STARKVILLE, Miss.--Mississippi State will begin directing the Appalachian Community Learning Project in 2015, and the leadership transition has already begun.
New York State-based The Rensselaerville Institute, along with the federal-state Appalachian Regional Commission, began ACLP more than 15 years ago as an initiative to show community volunteers how to improve their towns.
During 2013 and 2014, the university's John C. Stennis Institute of Government and Community Development is working alongside the two organizations to provide ACLP participants with local assistance, leadership and resources.
Many Magnolia State neighborhoods already have benefited from the "Community Sparkplugs" initiative, which allows teams of local volunteers to develop results-based plans that enhance their communities, said Joe Fratesi, project director at Stennis.
Recently, representatives of TRI, ARC and MSU met with groups from Brooksville, Bruce, Columbus, Lamar, Louisville, New Albany, Ripley, Scooba, Shannon, and Vardaman to begin the 2013 Community Sparkplugs program. Each group developed a specific community enhancement idea into a results-based plan, and the volunteers presented their proposals to the ARC, which then awarded each $3,000 mini-grants.
All 10 communities have a similar goal--to improve their economic outlooks, neighborhood assets and quality of life. How each chooses to achieve their goal is entirely up to them, Fratesi said.
"This program is about investing in people," he continued. "It's very much a partnership with everybody; we're investing in leaders -- the 'sparkplugs' -- and we're investing in their ability to get results," he said. "So much work goes into the selection process to make sure that we're investing in the right people."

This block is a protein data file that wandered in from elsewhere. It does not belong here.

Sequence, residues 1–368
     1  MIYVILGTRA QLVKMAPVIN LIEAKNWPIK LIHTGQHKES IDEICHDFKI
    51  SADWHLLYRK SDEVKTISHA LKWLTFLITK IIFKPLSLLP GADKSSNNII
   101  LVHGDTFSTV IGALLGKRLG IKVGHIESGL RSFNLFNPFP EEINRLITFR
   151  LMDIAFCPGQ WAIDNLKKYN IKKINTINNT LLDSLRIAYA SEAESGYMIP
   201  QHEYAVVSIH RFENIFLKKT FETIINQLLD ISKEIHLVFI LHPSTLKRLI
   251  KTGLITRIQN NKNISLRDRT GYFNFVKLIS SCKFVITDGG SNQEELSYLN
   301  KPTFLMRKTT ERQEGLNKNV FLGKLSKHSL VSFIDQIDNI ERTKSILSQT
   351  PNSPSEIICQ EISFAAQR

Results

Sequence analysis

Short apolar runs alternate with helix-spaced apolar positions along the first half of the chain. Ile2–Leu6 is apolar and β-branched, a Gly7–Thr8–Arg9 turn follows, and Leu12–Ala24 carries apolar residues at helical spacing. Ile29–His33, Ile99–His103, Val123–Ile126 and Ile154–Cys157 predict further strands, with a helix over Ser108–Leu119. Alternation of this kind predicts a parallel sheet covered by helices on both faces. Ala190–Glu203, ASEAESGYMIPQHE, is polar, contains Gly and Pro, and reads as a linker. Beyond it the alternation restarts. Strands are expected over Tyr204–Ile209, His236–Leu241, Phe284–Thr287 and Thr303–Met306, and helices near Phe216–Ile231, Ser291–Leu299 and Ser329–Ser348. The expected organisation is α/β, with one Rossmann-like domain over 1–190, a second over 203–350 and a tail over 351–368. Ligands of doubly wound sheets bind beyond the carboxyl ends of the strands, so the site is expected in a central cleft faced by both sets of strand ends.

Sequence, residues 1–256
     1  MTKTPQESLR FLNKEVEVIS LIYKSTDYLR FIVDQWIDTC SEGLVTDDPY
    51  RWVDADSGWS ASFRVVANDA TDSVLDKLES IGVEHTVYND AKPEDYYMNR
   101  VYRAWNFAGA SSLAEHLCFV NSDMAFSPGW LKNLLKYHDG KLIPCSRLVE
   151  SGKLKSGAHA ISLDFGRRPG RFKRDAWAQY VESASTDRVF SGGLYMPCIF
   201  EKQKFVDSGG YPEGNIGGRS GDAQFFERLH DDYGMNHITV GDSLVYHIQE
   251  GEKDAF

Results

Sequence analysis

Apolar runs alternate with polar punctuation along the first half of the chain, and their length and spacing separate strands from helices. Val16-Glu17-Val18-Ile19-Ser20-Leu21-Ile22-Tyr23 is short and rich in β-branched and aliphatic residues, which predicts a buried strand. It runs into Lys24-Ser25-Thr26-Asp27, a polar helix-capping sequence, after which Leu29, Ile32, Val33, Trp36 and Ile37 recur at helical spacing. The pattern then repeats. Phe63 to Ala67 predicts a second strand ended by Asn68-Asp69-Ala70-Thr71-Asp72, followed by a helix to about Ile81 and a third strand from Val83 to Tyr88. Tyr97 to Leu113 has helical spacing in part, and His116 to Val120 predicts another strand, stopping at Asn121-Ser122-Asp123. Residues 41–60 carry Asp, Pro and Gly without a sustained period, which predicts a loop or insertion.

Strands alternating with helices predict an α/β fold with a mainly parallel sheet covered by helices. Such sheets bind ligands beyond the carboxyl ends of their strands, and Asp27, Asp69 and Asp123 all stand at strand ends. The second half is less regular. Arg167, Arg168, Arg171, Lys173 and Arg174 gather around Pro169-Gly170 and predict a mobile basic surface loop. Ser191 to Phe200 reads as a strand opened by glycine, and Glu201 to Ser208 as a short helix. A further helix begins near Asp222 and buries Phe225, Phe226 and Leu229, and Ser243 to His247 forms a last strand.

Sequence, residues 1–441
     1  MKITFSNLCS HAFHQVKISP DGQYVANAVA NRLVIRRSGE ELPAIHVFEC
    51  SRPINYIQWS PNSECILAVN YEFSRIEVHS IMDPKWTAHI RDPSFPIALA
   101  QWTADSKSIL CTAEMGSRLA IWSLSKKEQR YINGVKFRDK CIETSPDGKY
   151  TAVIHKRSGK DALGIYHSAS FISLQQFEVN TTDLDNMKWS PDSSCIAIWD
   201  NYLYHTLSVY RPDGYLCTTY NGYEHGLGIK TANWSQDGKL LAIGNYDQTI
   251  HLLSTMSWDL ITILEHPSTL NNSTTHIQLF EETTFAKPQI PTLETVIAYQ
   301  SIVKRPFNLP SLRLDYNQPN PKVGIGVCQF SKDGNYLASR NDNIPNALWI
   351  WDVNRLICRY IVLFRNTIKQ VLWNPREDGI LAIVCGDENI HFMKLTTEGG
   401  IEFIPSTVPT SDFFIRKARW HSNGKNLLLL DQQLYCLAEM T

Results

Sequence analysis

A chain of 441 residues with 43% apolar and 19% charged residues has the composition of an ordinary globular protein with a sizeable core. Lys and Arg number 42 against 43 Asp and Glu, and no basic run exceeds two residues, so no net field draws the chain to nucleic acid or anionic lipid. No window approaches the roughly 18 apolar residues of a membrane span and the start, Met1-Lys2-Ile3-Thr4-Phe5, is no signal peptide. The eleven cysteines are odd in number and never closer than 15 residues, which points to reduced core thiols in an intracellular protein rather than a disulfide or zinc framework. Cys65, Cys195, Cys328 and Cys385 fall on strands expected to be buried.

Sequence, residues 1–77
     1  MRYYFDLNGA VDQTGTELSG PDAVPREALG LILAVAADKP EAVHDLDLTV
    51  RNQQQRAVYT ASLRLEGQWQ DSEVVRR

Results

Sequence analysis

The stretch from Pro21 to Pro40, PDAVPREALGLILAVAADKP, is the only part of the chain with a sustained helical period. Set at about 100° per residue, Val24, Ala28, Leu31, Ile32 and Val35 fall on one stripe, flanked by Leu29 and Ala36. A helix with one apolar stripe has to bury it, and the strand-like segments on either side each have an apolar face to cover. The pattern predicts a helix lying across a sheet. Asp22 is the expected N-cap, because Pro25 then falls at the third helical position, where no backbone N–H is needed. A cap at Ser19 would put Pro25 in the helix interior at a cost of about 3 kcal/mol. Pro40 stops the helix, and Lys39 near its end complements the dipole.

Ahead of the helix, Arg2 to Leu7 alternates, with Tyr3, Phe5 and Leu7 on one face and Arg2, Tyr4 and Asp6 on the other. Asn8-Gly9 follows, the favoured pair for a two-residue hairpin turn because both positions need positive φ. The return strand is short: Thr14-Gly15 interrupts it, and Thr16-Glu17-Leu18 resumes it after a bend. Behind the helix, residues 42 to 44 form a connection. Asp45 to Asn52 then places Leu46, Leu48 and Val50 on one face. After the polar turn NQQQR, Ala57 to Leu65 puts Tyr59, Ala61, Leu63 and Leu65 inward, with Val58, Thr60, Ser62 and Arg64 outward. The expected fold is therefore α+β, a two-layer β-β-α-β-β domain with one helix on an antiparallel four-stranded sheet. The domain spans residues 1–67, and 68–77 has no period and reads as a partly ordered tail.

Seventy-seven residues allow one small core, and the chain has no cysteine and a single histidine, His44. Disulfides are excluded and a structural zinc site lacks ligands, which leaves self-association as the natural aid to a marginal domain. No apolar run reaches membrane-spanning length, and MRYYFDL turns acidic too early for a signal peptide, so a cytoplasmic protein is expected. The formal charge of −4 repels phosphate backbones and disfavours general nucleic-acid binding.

Each group has committed to a specific project, with the seed money used to attract additional resources, to be completed in six months.
"The participants had to start setting targets that met one of the ARC's goals, things such as an increase in the number of people with approved health or healthy behaviors," he explained. "They also want to increase the number of students with improved academic performance, and they want to increase the number of people utilizing recreational or cultural opportunities."
Fratesi said at least 70 percent of the rural communities participating in ACLP should meet or exceed their goals. Of that number, he estimated that 70 percent should continue past the initial six-month timeframe to continue or expand the initial projects.
Beyond helping the communities stay focused on their targets and providing them appropriate resources when challenges arise, Stennis representatives work with community development leaders to complete TRI's required documentation process. TRI representatives also have assisted throughout to ensure the transition process is smooth.
Fratesi said the local sparkplugs groups should be successful in lighting flames and fanning the fires of enthusiasm, dedication and funding needed to improve their respective communities.
For more about the Stennis Institute and its services, visit www.sig.msstate.edu, and information about MSU is available at www.msstate.edu.